Originally Posted by lpk49
i'm really confused now because no one flashed at me again today and it is sunny. i'm trying to remember if i moved something heavy to a different part of the truck or the camper but i dont think i did. anyway-i appreciate the help and i do plan on going to the dealer anyway and i have to unhitch tomorrow to go into the city so can mark where the lights
hit the wall and also measure the difference in height when hitched and unhitched
george that was great info on the taco...i really like the smallness for parking etc but it seems to pull just fine like the letter said. i don't understand all of it with the shifting etc but its all good news i guess. i wonder if it should be posted out here-would others be interested?
had another great day on the nh ocean front...this is rye harbor:
The "letter" K is referring to is a post I pulled from the Airstream forum. Some of you may know who Andrew Thompson is from CanAm RV. Large A/S dealer, CanAm are known for setting up tow vehicles that others may not consider, for pulling rather heavy A/S trailers. In his post, Andrew pointed out the Toyota "Tachoma" ( as he calls it ) is a good vehicle for towing, so I copied his post to K in a PM. If a Taco is a good choice for a A/S, then certainly a smaller FG camper is well within it's limits.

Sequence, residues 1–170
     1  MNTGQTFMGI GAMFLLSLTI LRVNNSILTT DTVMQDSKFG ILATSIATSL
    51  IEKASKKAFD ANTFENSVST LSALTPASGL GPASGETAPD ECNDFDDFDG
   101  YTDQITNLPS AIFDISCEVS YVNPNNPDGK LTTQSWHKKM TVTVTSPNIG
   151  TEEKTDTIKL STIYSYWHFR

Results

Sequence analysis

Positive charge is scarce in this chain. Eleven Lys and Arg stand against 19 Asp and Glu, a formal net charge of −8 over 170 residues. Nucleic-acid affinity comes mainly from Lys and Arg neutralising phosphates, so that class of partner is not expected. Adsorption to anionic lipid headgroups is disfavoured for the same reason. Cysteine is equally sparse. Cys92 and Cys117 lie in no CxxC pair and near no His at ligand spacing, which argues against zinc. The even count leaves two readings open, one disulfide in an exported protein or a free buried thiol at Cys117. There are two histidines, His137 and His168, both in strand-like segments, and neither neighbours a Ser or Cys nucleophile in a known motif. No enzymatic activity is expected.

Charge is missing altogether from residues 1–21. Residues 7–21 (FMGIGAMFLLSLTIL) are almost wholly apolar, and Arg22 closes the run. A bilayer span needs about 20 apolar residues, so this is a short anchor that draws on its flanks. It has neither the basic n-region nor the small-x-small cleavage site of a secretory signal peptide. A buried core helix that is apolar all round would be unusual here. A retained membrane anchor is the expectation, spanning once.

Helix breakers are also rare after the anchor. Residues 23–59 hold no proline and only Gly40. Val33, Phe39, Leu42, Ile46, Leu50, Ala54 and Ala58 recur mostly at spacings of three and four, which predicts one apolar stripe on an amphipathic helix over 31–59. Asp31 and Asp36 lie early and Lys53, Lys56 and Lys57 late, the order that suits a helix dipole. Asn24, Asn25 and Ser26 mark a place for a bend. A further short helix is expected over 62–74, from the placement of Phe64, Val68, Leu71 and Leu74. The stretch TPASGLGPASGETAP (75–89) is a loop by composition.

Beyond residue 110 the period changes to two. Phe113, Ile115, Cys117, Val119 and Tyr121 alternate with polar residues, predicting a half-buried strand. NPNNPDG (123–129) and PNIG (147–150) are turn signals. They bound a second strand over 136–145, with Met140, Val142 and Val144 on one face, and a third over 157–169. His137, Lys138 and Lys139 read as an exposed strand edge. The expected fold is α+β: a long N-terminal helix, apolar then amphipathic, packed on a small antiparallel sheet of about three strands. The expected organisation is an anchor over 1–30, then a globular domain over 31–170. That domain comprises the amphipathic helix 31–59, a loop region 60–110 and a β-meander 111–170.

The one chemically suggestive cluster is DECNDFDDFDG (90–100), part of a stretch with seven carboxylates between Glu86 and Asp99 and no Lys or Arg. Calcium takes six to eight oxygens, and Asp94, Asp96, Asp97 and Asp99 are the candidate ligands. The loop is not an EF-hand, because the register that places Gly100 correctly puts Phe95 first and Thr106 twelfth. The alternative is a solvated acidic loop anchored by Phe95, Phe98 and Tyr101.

I've long been a fan of this class of trucks. The Taco and the Frontier like I have, are a nice compromise vehicle for overall use. Small enough to easily use in the city, reasonable gas mileage empty, and legendary in how sturdy they are for towing and long life. Andrew's post was the following:
We have several customers that tow 25-30' Airstream's and some harder toiwng other brands with Tachoma's. Many of these have been towing for several years. One I know of is approaching 200,000 miles.
In mountains it will downshift more than a Tundra but you will never save enough time on mountain grades with a Tundra to make up for the extra time the Tundra will spend in gas stations. The Tachoma has more power than any tow vehicle you could buy 30 years ago and Airstreams still went everywhere.
From a handling safety perspective I prefer the Tachoma to a full size pick up. The center of gravity is lower the width of the stance is the same on both. The suspension tuning on the Tachoma is still truck like, in that it is firm but not bone crushing. In an emergency lane change or panic stop it will outperform any full size pickup when towing a 25'. Of coarse for all the solo miles it is much more nimble.
You can dramatically improve the performance and handling of a Tachoma with a more optimal tire size. Unless you are going to carry something heavy in the bed of the truck the stock springs are fine. If you find the back end low you need to transfer more weight
with your weight
distribution. If you do not have the TRD model better shocks are a nice addition.
I hope this helps.